The FMA wants to introduce new minimum standards for the granting of housing loans in 2022, as these are too loose.
Three quarters of property owners have financed their home with a loan. They pay an average of 680 euros per month, according to Reinhold Baudisch, managing director of Durchblicker. The Financial Market Authority (FMA) is concerned about the boom in the real estate market and wants to issue minimum standards for the granting of home loans in 2022. The current award practice is too loose, according to FMA board member Helmut Ettl. This carries risks for financial market stability. The institute does not yet see a real estate bubble. Ettl: “However, we are seeing developments that go beyond what we have known in Austria.” The Financial Stability Committee has also warned of the risks in the real estate loan market. Since 2007 the prices for residential real estate in Austria have doubled, in Vienna it is 140 percent. The increase is credit-driven; since mid-2020, the number of home loans has risen by 18 percent to 94,000. The credit volume increased by 37 percent to 16.9 billion euros. For a floating rate loan, the interest rate is around one percent. With ten years of fixed interest, the interest rate averages 1.35 percent.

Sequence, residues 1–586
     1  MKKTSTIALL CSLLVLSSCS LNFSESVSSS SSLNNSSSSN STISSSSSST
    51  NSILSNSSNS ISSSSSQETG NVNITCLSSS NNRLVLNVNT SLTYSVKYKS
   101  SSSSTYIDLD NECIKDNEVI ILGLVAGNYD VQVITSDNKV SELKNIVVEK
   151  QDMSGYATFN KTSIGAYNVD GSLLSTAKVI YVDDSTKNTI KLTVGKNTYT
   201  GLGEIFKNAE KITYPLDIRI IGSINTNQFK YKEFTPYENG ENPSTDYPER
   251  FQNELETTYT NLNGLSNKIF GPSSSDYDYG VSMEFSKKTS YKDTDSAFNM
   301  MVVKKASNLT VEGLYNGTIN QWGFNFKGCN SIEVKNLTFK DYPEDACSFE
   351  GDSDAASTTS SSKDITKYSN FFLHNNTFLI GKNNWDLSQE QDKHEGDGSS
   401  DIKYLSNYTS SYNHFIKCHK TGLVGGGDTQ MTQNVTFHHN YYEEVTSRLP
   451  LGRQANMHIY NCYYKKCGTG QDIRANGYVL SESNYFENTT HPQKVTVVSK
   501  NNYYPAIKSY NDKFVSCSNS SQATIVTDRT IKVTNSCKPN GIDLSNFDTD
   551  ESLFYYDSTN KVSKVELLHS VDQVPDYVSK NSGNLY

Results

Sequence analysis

Stricter rules for granting home loans
But the standards for granting home loans are not strict enough. Every tenth loan has a term of more than 35 years, with two out of ten loans the repayment rate is over 40 percent of the available net family income, with six out of ten loans the equity share is below 20 percent. For loans with variable interest rates, you have to pay 31 euros less per month than for loans with fixed interest rates, but only if the interest rates remain the same for 20 years. If interest rates rise to the level before the financial crisis, with variable interest rates it is 358 euros more per month, and 77,324 euros more for the entire term. The binding minimum standards stipulate that the equity share is at least 20 percent, the debt service makes up a maximum of 30 to 40 percent of the net income, the credit period is a maximum of 35 years.